Melissa and her mother attended a Christmas party in the clubhouse of the Woodside Apartments complex on Dec. 3, 1989, with about 100 other residents. Hughes was newly hired as a groundskeeper at the complex, after working as a motel clerk and a landscaper elsewhere in Northern Virginia. He also had served a year behind bars in 1986 on a stolen auto charge, with four years of a five-year term suspended.
At the Christmas party, Hughes sat with Tammy and Melissa Brannen, told them Melissa was pretty and retrieved a cupcake for her, witnesses said. He also made comments to others at the party about women there he would like to sleep with, and his advances on two women were rebuffed. An appeals court would later find that those comments and actions indicated he had sexual intent when he abducted Melissa.
Around 10 p.m., Tammy Brannen told her daughter it was time to leave. Melissa Brannen put on her coat and went to scoop up one last plate of potato chips. She did not return. Tammy Brannen searched frantically for her 5-year-old, found a utility room with a window wide open and began screaming for help.
Fairfax police responded quickly and began trying to track down Hughes. In the time before cellphones, they called his home repeatedly, but his wife said he was not there, though he lived less than 10 miles from Woodside. Sometime after 12:30 a.m., Hughes arrived home, his wife testified. Instead of returning the calls from police, he took a shower and tossed his clothes and his shoes in the washing machine. Around 1 a.m., he called back to the apartment complex and then drove back to face questioning.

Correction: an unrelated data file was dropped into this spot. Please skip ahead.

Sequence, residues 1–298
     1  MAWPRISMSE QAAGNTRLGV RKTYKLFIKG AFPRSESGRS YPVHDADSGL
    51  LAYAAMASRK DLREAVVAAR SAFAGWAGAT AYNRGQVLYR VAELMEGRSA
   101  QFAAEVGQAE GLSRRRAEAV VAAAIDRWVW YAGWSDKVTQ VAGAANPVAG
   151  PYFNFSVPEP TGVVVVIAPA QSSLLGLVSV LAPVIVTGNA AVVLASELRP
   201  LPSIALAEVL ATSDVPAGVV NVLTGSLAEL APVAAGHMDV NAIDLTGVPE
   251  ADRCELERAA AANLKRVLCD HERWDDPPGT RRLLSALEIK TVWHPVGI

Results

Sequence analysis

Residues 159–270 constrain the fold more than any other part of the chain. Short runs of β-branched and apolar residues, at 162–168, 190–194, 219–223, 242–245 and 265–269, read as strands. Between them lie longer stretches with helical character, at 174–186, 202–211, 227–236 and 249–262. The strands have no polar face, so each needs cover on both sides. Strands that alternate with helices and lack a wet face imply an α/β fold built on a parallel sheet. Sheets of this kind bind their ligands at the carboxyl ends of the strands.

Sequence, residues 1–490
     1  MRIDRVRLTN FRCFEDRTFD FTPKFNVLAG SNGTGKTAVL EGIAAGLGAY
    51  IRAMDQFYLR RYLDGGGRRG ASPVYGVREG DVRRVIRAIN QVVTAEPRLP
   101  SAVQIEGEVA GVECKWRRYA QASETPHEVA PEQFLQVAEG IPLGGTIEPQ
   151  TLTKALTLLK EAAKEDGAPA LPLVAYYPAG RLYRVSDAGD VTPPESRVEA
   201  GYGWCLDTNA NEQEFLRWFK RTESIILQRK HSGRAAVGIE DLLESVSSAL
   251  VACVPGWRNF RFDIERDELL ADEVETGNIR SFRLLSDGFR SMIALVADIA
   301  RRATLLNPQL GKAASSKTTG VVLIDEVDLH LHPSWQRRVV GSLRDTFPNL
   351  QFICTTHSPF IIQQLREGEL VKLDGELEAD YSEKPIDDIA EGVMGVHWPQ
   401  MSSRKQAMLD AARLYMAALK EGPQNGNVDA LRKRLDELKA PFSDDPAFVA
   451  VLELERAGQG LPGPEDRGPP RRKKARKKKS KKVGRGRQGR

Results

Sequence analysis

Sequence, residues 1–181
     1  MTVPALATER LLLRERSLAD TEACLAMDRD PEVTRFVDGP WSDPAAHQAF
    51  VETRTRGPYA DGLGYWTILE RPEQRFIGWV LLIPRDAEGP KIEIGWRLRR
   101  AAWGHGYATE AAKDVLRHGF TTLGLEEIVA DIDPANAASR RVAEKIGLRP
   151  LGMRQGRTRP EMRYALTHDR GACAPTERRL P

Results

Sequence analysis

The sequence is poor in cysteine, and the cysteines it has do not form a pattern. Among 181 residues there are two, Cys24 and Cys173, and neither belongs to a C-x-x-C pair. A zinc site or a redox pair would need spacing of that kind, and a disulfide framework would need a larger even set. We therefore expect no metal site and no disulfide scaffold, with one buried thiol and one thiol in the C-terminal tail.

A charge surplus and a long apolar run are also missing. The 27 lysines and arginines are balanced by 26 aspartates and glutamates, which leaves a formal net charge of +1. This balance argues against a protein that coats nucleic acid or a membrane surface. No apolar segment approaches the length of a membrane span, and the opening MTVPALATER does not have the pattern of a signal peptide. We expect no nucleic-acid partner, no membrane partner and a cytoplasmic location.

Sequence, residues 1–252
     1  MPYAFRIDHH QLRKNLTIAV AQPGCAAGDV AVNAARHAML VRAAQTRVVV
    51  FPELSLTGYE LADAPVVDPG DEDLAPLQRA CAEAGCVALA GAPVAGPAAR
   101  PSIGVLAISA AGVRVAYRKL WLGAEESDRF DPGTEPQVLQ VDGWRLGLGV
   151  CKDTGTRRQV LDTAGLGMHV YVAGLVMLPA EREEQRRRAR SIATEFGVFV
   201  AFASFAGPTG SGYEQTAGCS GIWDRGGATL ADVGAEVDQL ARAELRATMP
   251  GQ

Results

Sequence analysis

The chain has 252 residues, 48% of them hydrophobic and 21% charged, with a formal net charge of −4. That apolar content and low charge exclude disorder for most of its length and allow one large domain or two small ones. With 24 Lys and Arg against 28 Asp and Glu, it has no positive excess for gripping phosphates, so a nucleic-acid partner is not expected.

Police seized Hughes’s car, and later called in the FBI to examine it for trace evidence. Teams of searchers roamed the Lorton area searching for Melissa. Hughes’s name was leaked to the media, and news crews parked outside his Woodbridge home, where Hughes declared his innocence. In January 1990, he was found in violation of his parole for the prior auto theft charge, in part for convictions of contributing to the delinquency of a minor and drunken driving, and was returned to prison to serve the rest of his five-year sentence.
FBI analysts found 50 blue acrylic fibers on the passenger’s seat of Hughes’s car which were microscopically consistent with fibers on the blazer worn that night by Tammy Brannen, and other blue fibers consistent with a sweater worn that night by Melissa. Two rabbit fur hairs on the passenger’s seat were also consistent with hairs in a coat worn by Tammy Brannen, and a human hair on the driver’s side of the car was similar to hair found in Melissa’s hair brush, though not conclusively matched to the girl.
When questioned by police, Hughes denied seeing Melissa at the party and could not explain why it had taken him nearly three hours to get home. There were no witnesses who saw him take Melissa and no fingerprints. When a police investigator accused him of kidnapping the girl, Hughes said, “Prove it.” The investigator, William Whildin, testified that it appeared Hughes had gouged a chunk of material out of one of his sneakers, and one expert said a protein which could have been blood was found on the shoe.